We notice the subtle pecking order between Timur, a Tatar Muslim and his colleague, also a Muslim, but an Azeri. The homogenized classless society of the Soviet era is already unraveling perceptibly. There is a new religious assertiveness about many Russian towns and we are eager to get a glimpse of it. We go in search of another mosque – this time, an Azeri one – and are briefed by the Imam who insists it is neither Sunni nor Shia. The mosque was built by Hazrat Wahabuddin in 1898. Even as we are chatting with him, worshippers troop past in their Sunday best. We scrutinize their faces to identify their nationalities. I try to photograph a distinguished looking, sharp-featured lad who seems camera-shy and studiously dodges my lens. The Imam whispers conspiratorially, “He is a Chechen” We learn there are many Chechens in Astrakhan.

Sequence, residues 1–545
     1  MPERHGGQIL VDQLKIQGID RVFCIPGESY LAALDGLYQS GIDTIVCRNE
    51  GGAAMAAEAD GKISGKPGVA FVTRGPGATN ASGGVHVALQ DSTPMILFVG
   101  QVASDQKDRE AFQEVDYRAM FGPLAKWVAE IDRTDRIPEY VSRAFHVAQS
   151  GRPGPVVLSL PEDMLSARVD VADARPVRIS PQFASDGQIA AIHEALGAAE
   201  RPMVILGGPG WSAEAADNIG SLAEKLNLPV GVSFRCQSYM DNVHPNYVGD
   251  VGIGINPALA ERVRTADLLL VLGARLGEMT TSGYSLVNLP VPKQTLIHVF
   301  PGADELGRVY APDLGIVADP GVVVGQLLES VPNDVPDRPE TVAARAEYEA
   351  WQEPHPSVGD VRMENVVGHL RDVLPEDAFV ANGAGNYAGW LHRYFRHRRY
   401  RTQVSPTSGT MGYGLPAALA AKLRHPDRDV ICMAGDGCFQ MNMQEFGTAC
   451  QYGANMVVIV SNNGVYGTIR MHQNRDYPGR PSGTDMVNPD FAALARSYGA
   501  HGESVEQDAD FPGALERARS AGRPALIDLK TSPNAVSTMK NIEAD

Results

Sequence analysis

We make our way to the Indian trading yard. It survives as a mere plaque on a quiet residential street. We pay our obeisance to our enterprising forefathers who traveled all the way from Gujarat in search of wealth. They stayed on,  married local women and intermingled so completely with the local population that today they are indistinguishable from the rest of the population. Our guide tells us, with a twinkle in her eye, that the Indian merchants were thrown out because they charged usurious rates of interest! Two hundred years ago, there was a perceptible Indian presence in Astrakhan. Today, the Indian connection has reinvented itself. Astrakhan is the sister-city of Ahmedabad, whatever that means. Virtually every town we visited in Russia seems to have a sister-city in India. Gujarat Chief Minister Narendra Modi had visited Astrakhan in 2006 with his entourage of 40 businessmen and traders and even signed some business deals with the local government.